Tuesday, August 17, 2010

Shackleton's Way

Leadership Lessons from the Great Antarctic Explorer...

Over the years history has come to regard Sir Ernest Henry Shackleton as an explorer of the first rate, eclipsing both Roald Amundson - who may have made polar exploration look too easy when he achieved the South Pole without incident in 1911, and Robert Falcon Scott - who for reasons only the British can explain, was celebrated for reaching the South Pole in 1912, a month after Amundson, and then dying of scurvy, privation, and exposure with his entire party on the return trip. 

Shackleton made several Antarctic forays.  Shackleton was invalided home after falling ill during Scott's unsuccessful attempt to reach the South Pole in 1903.  Leading his own expedition in 1909 Shackleton turned his team back from the Pole with only 97 miles to go, knowing his party could reach its goal but that they would almost certainly perish on the way home.  Once Amundsen succeeded in his technically adept attack on the Pole, Shackleton set his sights on traveling across Antarctica from the Weddell Sea to the Ross Sea.  Before reaching the starting point his ship, the Endurance, was trapped in the pack ice in 1914 and then sunk in 1915.  He led his 27 men onto the ice for several more months, then into the ice-clogged sea in lifeboats, before reaching the relative safety of barren Elephant Island.  Chances of accidental rescue on Elephant Island were nil so Shackleton and a small party sailed the lifeboat "James Caird" 600 miles to South Georgia Island.  Every one of his Endurance team survived this harrowing adventure.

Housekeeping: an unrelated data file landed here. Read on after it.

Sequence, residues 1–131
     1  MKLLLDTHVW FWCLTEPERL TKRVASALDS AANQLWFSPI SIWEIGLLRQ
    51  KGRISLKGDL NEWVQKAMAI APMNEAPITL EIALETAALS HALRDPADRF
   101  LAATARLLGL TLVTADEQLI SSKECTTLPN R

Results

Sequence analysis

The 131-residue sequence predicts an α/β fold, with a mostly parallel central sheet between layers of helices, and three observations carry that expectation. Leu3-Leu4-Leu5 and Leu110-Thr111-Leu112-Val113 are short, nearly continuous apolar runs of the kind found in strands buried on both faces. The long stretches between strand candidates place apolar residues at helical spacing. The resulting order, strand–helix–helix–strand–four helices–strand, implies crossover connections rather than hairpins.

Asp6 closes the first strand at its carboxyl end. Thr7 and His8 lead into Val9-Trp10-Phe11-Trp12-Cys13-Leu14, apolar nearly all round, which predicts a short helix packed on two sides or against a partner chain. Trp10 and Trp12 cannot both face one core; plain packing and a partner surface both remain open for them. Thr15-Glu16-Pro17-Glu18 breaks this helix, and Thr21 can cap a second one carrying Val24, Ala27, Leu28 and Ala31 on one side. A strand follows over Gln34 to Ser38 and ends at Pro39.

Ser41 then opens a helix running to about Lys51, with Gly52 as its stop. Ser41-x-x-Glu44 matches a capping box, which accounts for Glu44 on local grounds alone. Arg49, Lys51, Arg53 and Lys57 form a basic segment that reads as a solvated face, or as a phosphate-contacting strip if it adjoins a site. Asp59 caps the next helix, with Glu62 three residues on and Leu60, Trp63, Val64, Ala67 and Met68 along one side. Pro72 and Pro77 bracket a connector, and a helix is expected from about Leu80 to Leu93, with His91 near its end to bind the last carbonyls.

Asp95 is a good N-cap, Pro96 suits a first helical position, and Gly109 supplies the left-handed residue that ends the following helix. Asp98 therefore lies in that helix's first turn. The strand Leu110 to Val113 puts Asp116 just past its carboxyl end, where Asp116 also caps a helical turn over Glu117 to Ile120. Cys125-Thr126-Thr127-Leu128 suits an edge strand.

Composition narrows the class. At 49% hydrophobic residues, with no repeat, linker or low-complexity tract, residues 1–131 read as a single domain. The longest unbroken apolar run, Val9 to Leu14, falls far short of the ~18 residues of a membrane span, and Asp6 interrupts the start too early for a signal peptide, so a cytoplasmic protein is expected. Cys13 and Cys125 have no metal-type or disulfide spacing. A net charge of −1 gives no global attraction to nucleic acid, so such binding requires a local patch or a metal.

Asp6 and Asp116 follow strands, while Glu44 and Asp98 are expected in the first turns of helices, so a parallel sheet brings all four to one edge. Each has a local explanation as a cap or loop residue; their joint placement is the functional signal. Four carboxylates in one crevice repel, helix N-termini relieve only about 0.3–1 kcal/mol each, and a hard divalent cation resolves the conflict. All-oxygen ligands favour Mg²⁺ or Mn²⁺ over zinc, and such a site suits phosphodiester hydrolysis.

Authors Margaret Morrell and Stephanie Capparell have reimagined Shackleton as an example for corporate leadership.  To do so they gloss over his failures as a businessman between expeditions as well as his shortcomings as a husband.  A ten year old dustcover blurb comparing Shackleton to Jack Welch and Michael Dell is ironic now.

As a leader in challenging circumstances Shackleton did in fact have many admirable traits and the authors do a fine job of illuminating the leadership skills evident in Shackleton's career, particularly during the voyage of the Endurance.  Shackleton was a tough man, a gifted leader, and an interesting character.  Shackleton's Way draws parallels between his short life and our 21st century challenges.  Examples are given of the effect Shackleton's story has had on modern business leaders but the most compelling are those offered by military leaders and Jim Lovell, Commander of the ill-fated Apollo 13 mission, another successful failure.

Apsley Cherry-Garrard, who served under both Scott and Shackleton, is most famous for having said "For a joint scientific and geographical piece of organization, give me Scott; for a Winter Journey, Wilson; for a dash to the Pole and nothing else, Amundsen: and if I am in the devil of a hole and want to get out of it, give me Shackleton every time".

No comments:

Post a Comment